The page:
Tag Archives: advocacy

How We Fight

Wild One 101
From Ciarán of Ailbhe’s Nine

Some learn to become indifferent to pain until they fight without thought. They learn how to lose themselves (their ability to feel, the essence of who they are, their sense of being) in order to win. The cost of this is high, for the selves they defend are the very same they so easily abandoned. Their eyes go vacant or hard or unseeing. They are trained to deny much of their own human being, and so likewise cannot see those they fall as flesh and blood and bone. They choose an inner death before their life is ended, believing it makes them better able to survive. It is unknown what continues to exist after such a fight is done, even in a victory.

But we learn to fight with our aliveness. The power within us forged in the fire of feeling. Our eyes are clear and wakeful, whether full of sorrow or laughter– compassion and passion being as they are two sides of a soul. We live our humanity fervent and full. We see each other eye to eye, and in the defending of all people, recognize ourselves in all we meet. No one is immune to suffering or grief. But the cries that we utter are always our own, whether of joy or of pain, and always the radiance burning inside. And when we fall, we blaze out each like a pulsing star, a heart that dared to beat with love, until the last spark fades from who we are.

***************
My own thoughts:

I’ve been having a very hard time putting anything into words regarding how I feel about living in a nation that seems to have been swallowed up by fear, prejudice, hatred and greed, perhaps in reverse order. Reading the news is like downing a glass of pesticides every morning and then trying to go about my day hoping I won’t experience any side effects. I’ve been paralyzed by a sense of hopelessness, grief-stricken, incredibly angry, tentatively resolved into taking action, terrified, and sometimes daring to dream all in a day. I’m a philosopher who spent more than a decade learning the rules of reason: all that flooding of feeling recently often leaves me reeling. I’m still trying to learn how to effectively take action without shutting down.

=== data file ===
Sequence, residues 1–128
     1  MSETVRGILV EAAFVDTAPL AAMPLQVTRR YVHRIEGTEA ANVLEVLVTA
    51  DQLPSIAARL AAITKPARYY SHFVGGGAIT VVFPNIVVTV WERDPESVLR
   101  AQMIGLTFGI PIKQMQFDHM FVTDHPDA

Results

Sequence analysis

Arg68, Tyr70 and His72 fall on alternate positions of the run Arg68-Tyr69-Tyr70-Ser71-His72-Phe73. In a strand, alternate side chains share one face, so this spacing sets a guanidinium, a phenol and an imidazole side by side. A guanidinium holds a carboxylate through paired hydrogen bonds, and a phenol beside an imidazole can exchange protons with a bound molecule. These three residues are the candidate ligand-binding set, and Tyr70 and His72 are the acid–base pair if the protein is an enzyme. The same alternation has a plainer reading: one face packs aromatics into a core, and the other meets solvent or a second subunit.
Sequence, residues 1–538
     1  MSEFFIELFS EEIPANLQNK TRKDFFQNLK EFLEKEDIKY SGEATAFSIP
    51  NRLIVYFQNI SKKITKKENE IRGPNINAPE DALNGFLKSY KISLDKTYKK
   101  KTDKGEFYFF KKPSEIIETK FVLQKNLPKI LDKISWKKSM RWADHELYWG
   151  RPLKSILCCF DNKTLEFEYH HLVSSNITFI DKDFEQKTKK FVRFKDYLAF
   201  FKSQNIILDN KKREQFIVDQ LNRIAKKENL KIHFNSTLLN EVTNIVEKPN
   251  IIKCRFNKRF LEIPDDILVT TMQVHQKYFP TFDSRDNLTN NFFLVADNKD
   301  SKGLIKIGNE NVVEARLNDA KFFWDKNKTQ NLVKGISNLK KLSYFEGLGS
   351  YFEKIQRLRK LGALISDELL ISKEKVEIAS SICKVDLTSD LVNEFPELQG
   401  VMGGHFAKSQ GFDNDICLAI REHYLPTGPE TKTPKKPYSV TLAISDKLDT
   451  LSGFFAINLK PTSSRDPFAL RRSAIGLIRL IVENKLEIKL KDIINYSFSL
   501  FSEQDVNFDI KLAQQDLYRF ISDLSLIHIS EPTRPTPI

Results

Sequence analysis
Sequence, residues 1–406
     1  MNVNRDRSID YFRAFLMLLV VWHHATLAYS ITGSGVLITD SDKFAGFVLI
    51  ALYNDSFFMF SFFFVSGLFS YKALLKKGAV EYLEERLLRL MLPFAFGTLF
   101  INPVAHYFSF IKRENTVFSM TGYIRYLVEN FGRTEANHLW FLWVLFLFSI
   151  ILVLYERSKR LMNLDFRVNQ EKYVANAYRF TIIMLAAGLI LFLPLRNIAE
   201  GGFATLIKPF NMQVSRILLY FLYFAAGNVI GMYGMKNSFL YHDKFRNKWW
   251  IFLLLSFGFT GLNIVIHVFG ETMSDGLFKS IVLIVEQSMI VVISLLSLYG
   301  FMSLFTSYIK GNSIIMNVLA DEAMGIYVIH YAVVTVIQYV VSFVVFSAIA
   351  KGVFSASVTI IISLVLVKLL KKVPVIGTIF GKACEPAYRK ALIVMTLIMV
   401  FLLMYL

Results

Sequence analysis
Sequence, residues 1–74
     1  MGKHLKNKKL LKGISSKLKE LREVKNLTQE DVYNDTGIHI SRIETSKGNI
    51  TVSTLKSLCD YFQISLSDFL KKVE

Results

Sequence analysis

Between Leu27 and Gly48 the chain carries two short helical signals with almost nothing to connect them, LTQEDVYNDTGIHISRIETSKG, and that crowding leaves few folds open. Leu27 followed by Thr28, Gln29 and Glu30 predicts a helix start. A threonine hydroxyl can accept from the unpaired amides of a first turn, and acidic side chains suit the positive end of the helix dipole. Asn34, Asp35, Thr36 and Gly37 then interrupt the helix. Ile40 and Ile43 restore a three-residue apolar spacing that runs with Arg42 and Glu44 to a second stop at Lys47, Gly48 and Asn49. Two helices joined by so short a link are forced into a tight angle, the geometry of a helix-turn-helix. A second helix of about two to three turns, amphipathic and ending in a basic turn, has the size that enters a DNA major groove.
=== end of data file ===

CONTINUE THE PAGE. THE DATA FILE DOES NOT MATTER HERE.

I used to be an avid advocate for the rights of children. I used to daily defend my right to full inclusion, equal access to education, acceptance and regard. And, whenever someone ever suggested to me that my perseverance made me a fighter, I’d be sure to defend my definite opinion to the contrary. To me, the purpose of advocacy was to build bridges, while the purpose of fighting was to burn bridges and erect walls, and the winner would be the fastest. I thought advocacy was strategic and thoughtful, but fighting was inherently destructive and usually violent. Advocacy resolved conflicts, fighting created them. That was a lot of black and white thinking.

We’re now faced with a situation in this country where our supposed leaders want to build walls, and the most effective way to resist is to fight: for compassion rather than hatred, for freedom over fear, for dialogue over discrimination, for human rights, for healthcare, for immigrants and their families, for people rather than profits and for healing rather than division.